Written by Christa Melnyk Hines
From yelling newsroom pundits and vigorous dinner party debates to divisive Facebook exchanges, tis’ the season when there’s virtually no escape from politics. Your kids may come home with questions about opinions overheard at school or elsewhere. From a parenting perspective, the democratic process—and political shenanigans—provides plenty of fodder for teaching kids lessons in independent thinking, respectful discourse, values and civics.
Nurture independent thinkers
Take advantage of the political process to help your children learn to think for themselves. Ask your children open-ended questions to hear their point of views.
“Find out what they’re thinking. What you want to do is stimulate their analytic, natural human curiosity,” says Dr. Fran Walfish, a child and family psychotherapist and author of “The Self Aware Parent: Resolving Conflict and Building a Better Bond with Your Child.”
Watch the speeches and debates together
Ask your child who they think is telling the truth based on body language or who seems more respectful during a debate.
Whether you agree or not, ask them: “Why do you feel that way? How would you solve the problem?” Share your opinions with your children by prefacing your comments with “I feel” or “I think” and ask questions like: “I wonder how they’ll make that happen? What do you think? How would you make it fair if you were in charge?”
As hard as it may be, try to refrain from making judgmental comments or calling candidates with whom you disagree colorful names.
“Shouting at the TV, or at one another, presents a very negative example of responding to conflicting opinions,” says Mary Jane McKittrick, author of the Boomer and Halley children’s series (written for ages 4 to 8), including the Mom’s Choice award-winning book
“Boomer and Halley: Election Day.”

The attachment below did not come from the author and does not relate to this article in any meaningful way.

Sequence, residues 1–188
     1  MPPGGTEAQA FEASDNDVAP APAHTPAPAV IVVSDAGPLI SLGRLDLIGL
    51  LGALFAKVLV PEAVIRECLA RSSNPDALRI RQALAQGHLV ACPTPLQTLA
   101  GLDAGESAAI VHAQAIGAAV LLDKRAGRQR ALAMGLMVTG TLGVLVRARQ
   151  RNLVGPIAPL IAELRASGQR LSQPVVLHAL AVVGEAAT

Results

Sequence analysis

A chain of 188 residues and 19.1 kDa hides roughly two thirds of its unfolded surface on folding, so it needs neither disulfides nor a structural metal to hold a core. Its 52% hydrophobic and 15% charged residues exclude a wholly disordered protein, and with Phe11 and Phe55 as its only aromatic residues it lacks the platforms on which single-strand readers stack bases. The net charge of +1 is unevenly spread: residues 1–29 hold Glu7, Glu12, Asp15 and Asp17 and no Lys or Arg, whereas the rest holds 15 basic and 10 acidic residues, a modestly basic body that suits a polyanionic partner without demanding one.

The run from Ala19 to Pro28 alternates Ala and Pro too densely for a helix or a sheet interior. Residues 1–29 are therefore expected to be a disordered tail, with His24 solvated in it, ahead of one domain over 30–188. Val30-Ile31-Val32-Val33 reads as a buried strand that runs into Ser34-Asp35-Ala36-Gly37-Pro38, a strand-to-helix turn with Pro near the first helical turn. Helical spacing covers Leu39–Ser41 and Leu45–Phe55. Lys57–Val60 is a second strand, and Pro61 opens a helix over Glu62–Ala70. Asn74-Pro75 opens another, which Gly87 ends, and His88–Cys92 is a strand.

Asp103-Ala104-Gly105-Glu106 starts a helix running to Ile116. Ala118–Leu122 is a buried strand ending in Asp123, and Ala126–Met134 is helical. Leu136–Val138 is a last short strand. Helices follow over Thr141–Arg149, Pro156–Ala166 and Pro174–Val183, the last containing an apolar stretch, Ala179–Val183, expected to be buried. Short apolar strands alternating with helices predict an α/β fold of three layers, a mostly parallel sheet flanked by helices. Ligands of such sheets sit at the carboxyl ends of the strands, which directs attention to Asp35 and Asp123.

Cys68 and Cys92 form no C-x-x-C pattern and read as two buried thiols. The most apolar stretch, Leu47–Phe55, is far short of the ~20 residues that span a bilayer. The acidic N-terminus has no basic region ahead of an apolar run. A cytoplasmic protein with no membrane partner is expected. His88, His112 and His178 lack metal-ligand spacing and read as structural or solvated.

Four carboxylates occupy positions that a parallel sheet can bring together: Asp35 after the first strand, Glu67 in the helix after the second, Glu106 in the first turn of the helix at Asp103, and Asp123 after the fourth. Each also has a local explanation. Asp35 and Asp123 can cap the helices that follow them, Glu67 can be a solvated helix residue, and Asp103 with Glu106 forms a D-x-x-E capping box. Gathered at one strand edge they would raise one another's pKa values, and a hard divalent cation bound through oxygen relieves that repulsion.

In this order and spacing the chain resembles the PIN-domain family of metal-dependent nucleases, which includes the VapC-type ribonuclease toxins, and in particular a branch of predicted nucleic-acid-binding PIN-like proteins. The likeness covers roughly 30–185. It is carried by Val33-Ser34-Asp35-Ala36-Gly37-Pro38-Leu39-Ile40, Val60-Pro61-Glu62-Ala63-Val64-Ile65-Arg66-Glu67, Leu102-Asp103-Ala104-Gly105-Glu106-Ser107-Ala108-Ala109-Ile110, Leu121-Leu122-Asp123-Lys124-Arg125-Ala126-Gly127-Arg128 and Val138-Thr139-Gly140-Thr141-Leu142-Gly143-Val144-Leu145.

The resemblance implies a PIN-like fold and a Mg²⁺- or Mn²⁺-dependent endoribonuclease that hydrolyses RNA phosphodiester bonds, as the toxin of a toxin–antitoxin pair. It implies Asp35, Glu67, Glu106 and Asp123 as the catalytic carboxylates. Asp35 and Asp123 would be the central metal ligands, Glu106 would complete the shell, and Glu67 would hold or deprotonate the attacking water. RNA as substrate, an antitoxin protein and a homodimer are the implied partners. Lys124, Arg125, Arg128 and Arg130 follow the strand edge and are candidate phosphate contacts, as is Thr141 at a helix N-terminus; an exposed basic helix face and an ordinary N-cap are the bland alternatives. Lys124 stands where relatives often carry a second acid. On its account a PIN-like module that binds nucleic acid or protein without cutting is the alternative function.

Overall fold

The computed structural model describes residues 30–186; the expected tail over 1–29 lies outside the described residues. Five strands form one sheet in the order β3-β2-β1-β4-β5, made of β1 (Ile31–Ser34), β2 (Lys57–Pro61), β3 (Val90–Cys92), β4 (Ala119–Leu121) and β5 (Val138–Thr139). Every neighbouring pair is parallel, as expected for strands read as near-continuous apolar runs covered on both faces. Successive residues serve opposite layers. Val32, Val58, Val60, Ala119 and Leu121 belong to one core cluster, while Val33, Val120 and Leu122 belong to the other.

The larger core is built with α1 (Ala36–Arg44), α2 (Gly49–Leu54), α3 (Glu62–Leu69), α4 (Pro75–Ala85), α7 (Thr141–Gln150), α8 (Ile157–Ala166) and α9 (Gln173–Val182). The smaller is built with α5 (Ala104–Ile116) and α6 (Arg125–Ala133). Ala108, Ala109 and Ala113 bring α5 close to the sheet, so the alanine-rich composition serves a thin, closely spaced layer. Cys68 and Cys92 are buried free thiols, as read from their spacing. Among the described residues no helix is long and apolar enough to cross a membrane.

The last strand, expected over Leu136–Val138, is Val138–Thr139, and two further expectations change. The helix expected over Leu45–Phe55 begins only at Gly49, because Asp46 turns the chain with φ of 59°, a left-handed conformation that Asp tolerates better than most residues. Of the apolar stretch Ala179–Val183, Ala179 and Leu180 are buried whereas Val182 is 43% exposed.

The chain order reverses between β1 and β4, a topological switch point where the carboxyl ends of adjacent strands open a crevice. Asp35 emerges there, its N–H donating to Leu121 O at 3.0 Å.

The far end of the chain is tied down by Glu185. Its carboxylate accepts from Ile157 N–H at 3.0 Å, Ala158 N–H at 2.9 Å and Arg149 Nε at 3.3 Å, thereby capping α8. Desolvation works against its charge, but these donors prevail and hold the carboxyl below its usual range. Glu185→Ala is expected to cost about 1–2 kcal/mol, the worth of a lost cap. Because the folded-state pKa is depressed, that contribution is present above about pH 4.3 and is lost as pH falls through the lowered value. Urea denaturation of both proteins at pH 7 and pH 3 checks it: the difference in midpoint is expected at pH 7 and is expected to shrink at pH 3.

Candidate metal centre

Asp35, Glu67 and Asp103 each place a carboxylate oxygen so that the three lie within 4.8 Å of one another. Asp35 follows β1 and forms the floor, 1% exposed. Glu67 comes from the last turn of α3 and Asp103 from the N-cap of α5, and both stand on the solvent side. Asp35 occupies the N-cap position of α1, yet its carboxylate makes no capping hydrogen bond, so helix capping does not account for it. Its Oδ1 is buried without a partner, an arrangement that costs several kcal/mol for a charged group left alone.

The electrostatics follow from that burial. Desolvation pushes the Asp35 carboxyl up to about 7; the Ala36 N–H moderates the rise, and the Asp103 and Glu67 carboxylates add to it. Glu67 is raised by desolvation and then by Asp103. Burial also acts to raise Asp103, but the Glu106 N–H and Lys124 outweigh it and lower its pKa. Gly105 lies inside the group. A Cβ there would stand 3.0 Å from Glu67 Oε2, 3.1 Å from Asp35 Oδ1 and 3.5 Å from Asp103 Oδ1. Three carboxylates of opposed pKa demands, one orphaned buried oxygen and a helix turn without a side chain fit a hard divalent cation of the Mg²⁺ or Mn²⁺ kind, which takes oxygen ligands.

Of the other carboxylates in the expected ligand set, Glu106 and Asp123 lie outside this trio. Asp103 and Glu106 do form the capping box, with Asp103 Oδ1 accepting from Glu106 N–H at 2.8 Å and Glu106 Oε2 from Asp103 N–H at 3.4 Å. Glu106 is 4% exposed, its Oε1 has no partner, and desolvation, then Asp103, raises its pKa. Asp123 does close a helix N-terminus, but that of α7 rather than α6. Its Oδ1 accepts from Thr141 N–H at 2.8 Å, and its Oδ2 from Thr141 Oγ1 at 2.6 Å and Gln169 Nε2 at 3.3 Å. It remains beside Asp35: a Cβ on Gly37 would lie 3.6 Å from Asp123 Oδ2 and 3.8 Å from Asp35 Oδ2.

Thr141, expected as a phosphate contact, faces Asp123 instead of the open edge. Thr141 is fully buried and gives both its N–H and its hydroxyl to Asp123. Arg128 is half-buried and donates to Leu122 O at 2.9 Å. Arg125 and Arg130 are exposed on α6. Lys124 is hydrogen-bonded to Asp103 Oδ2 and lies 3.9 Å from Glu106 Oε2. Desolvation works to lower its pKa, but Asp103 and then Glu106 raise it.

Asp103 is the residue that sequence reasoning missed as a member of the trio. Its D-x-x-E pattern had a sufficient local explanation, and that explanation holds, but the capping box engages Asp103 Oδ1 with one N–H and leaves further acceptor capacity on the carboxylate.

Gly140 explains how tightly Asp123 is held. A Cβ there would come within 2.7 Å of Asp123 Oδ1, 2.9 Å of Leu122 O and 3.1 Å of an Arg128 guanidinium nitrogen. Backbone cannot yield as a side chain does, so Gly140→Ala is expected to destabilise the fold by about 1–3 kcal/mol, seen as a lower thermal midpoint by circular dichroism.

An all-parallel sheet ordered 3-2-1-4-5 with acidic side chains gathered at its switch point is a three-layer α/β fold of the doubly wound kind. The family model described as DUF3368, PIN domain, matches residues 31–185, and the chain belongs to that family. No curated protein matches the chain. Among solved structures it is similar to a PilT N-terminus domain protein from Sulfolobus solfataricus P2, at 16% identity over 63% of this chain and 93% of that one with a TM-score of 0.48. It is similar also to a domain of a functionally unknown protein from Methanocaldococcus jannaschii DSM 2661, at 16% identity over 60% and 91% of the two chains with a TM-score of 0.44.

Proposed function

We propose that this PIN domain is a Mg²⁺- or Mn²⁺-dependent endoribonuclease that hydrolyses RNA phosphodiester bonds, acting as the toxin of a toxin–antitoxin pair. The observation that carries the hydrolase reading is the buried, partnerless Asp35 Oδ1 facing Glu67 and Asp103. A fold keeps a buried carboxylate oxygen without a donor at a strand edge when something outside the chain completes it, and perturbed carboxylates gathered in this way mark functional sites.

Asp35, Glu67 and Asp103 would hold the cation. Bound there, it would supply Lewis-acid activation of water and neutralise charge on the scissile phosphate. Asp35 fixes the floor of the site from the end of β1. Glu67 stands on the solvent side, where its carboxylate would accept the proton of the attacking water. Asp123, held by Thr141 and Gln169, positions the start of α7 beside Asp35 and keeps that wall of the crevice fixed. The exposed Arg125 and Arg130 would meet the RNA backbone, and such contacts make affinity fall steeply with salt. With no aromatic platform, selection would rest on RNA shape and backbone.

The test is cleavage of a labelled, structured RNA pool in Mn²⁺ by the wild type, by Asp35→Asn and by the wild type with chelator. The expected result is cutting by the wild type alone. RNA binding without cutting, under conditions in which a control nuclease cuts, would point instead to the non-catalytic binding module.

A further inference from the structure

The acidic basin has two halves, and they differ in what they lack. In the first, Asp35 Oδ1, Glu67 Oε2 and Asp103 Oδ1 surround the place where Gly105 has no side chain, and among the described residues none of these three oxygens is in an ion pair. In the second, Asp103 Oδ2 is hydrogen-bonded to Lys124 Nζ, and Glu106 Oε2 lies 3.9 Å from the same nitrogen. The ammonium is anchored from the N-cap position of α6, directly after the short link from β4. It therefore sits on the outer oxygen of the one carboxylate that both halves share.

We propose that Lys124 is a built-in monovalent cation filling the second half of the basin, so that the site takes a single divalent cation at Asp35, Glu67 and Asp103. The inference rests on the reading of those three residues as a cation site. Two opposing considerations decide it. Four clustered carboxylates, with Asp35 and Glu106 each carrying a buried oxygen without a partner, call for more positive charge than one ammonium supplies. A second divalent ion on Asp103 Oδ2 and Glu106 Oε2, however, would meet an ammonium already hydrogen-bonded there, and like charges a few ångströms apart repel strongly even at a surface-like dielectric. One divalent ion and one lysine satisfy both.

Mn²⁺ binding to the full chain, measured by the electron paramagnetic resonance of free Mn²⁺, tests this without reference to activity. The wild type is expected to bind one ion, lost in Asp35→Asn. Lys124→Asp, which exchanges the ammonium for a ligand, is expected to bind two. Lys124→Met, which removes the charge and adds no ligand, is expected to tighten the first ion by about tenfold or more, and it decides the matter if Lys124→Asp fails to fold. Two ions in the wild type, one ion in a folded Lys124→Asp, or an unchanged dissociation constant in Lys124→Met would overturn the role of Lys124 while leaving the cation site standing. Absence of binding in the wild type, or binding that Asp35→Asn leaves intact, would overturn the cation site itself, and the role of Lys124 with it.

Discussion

Through humor and embedded life lessons, McKittrick’s books tell stories of families and communities resolving difficult challenges by working together.
Model respectful dialogue
Not all parents agree on politics, but what matters is how they discuss the issues in front of their children without raising a child’s anxiety. Make ground rules with your spouse before engaging in the discussion: No interrupting, take turns listening and no put-downs, insults or blaming. And, if you come to an impasse, agree to disagree.
“I would love for parents to respect each others point of views. I would also hope that they will respect their children’s point of view,” Walfish says. “Be able to tolerate differences. We still love each other, and I can tolerate you having powerfully different feelings than mine.”
If you find yourself getting drawn into a heated argument around the table with loved ones, keep your cool and suggest you pick up the conversation at another time.
Play nice—in politics?!
Political rhetoric may be difficult for your child to comprehend, but behavior in politics can often parallel real-life situations your child can relate to about how we should treat each other and who we can trust.
“Here we are: two political figures. They’re going to say their beliefs right out front, but wouldn’t it be nice if that was all they were doing,” Walfish says. “Instead what they’re doing is using put-downs, criticisms (and) willing to go forward at all costs to win.”
Perhaps the vindictive nature of politics will never change, but parents can use examples of how politicians conduct themselves to teach values about what it means to win honorably, treat others with respect and be a trustworthy friend. For example, on the playground, a child might promise your child that he can have the ball next, but then passes the ball to an ally or continues to hog the ball. Even a young child understands that the other child’s actions are unfair.
“A good friend is someone who treats you right all of the time. And that’s what we’re looking for in politics,” Walfish says. “And a lot of times people will say anything to get what they want, which is to win. Our job is to try to figure out who’s telling the truth, who’s going to deliver on the goods.”
Talk to your kids about the democratic process. Take your child to the voting booth and follow the results on election night together to help her see the election process in action and the connection between your vote and why it matters.
Explain that politicians are public servants and they usually enter the political process in an attempt to make a difference in the lives of citizens.
“Parents can offer examples from their lives to illustrate giving to others as a positive way to explain politics,” McKittrick says. “After all, politics exist in our families, communities, schools and workplaces—not just at the ballot box.”